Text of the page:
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5 September 2023
There is little doubt that efforts to retain officers should not be restricted to those early in their career. Work to arrest attrition rates needs to address a variety of themes across different cohorts in policing with the aim of reinstating the profession as a long-term career of choice.
The NPCC’s refreshed analysis of the July 2022 study of attrition trends reveals that the difference in resignation rates between white officers and ethnic minority groups has grown disproportionally to overall resignation rates but provides no reasoning for this. The analysis suggests that a higher uptake of ethnic minority officers naturally sees a spike in resignations of the same cohort, but without recording and analysis of data, chief officers can only speculate as to why the spike may exceed that of white officers.
Equally, there is a higher incidence of resignation amongst female officers over male officers, though new-in-service resignations are lower than their male colleagues; the shortfall is more than made up for by those in mid-service where the rate exceeds male officer resignations, resulting in overall higher resignation figures for female officers.
A focus on work-life balance/workforce flexibility, organisational culture, promotion, and addressing specific barriers and challenges experienced by both ethnic minority officers and female officers may go a long way to build a more supportive and sustainable workforce, as well as maintain the gains made in representation during the Uplift Programme. But again, for there to be progress in these areas, data is key, so understanding the motivations for leaving at any stage must be improved.
As demonstrated by the graphs above, a higher proportion of female officers leave between 11 and 15 years’ service, and 16 and 20 years’ service, suggesting that the challenges posed by family life and maintaining a healthy work-life balance may have been some of the drivers. However, without adequate data generated from exit interviews lessons cannot be learnt.
The NPCC’s analysis clearly implies that without improving the recording of leavers’ data, forces will continue to struggle to understand attrition trends and formulate ways to address them. The National Leavers Framework (NLF) was introduced in December 2022 and is designed to improve the data collection on reasons for officers leaving police forces in England and Wales.
The NLF aims to develop a standardised and consistent data set across all 43 forces that can help streamline reporting of attrition, data which can identify workforce trends and extrapolate insights accordingly. The NFL also aims to improve employee engagement during the exit process and thus inform local and national retention strategies through better organisational listening.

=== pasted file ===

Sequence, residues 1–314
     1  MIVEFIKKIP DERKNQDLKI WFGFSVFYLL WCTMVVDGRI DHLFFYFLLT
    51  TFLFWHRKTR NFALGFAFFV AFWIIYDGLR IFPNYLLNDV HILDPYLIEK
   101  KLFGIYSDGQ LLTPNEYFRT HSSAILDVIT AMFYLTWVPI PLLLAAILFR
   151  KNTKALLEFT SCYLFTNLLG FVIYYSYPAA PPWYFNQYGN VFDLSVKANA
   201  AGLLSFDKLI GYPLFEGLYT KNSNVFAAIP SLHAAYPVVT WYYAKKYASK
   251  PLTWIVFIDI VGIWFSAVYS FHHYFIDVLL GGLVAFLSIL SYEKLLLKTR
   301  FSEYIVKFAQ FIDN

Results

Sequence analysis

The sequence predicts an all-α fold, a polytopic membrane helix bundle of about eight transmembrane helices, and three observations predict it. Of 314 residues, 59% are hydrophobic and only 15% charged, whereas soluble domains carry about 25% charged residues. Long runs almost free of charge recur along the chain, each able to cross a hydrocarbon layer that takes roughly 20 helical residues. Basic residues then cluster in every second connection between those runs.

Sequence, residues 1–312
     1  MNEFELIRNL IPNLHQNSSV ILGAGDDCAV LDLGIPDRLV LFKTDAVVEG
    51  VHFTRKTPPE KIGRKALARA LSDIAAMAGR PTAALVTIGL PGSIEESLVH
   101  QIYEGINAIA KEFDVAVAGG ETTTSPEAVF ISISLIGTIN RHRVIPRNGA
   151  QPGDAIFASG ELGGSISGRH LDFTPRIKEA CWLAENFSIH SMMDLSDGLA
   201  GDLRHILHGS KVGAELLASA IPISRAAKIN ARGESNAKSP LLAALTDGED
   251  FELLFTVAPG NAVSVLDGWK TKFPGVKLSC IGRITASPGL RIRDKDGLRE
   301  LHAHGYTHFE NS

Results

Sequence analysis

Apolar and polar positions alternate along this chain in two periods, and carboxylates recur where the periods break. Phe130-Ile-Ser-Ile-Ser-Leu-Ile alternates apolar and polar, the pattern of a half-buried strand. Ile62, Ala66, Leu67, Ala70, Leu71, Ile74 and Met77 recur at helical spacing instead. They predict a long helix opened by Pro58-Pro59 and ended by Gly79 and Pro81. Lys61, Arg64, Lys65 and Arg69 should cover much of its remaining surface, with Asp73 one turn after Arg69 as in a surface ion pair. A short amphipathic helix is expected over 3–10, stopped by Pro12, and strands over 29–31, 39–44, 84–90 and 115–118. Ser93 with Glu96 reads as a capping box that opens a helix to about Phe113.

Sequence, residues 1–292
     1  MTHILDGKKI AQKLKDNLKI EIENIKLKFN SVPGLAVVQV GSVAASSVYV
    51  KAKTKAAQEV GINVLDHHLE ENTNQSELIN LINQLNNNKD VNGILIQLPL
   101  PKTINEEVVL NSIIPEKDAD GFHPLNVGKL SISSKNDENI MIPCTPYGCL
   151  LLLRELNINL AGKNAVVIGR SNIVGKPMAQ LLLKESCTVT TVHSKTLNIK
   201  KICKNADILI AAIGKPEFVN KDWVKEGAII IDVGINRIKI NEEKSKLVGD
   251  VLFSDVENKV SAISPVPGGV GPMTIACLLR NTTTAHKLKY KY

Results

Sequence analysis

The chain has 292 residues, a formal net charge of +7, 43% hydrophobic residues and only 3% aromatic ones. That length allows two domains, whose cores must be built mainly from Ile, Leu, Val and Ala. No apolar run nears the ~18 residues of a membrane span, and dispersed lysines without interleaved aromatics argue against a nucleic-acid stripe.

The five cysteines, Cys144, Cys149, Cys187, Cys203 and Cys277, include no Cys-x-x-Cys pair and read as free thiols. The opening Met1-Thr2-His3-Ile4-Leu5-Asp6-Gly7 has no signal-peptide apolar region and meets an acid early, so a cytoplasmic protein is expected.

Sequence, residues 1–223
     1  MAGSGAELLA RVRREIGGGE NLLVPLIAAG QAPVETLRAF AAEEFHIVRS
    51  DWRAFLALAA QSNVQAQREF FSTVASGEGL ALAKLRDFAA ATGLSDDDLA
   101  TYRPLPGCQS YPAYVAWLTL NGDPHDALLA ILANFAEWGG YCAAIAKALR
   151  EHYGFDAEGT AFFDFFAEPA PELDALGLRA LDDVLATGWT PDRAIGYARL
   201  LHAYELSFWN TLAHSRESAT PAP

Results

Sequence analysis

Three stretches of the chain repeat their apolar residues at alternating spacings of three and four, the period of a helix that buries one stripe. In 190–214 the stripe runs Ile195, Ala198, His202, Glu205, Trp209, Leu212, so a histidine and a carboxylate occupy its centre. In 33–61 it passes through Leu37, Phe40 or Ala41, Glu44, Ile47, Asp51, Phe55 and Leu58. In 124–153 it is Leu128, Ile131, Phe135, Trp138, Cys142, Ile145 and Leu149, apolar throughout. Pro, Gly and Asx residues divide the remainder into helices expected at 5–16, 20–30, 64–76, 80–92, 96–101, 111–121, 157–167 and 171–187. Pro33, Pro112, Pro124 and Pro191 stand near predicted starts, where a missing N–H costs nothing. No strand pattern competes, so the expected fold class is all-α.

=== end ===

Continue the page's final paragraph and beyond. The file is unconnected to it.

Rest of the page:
For this to work and be effective it must have a 100 per cent uptake amongst all forces in England and Wales, but unfortunately, this is not the case. Only by being learning-driven and people-focused equally across all forces can a strategy of early interventions and inclusivity be formulated and implemented to really impact leaver numbers. This encouragement of forces to invest in organisational listening and dignified exits will improve employee engagement and leaver insights, but for this, chief officers of all the 43 forces need to actively support and understand the NLF.
Since the NLF’s launch and increased adoption by many of the forces, there has been an improvement of a specified reason for resignation - Unknown, with overall ‘unknowns’ coming down by 28 per cent to 59 per cent in May 2023 (as demonstrated in, The storm of police officer resignations: Part-1).
The NPCC’s analysis concludes that the NLF’s improved data will allow for much richer analysis, and understanding across different cohorts such as sex, ethnicity, age, length of service and rank. This can then be overlaid on to reasons for leaving to build richer picture of workforce trends. This should also create “opportunities to meaningfully target interventions to improve employee experience and drive officer retention”, the NPCC’s analysis observes.
The improvement in data collection brought by the introduction of the NLF since December 2022 is evident from the below graph:
It is time chief officers learn from the NPCC’s analysis and acknowledge that the NFL is vital to improving organisational listening across all forces and insights into resignations. It can help coordinate a national strategy to arrest attrition rates based on learned insights, and it can allow for a much closer monitoring of potential patterns in attrition. Crucially, it can also help identify patterns that can be addressed in recruitment, onboarding, and retention.
If all chief officers follow the NLF, it will be possible to use data insights to focus on creating employment models that are fit-for-purpose in policing, provide career paths and opportunities that meet officers’ ambitions and ensure learnings from all cohorts are gained during exit interviews leading to increased retention and reduced recruitment costs.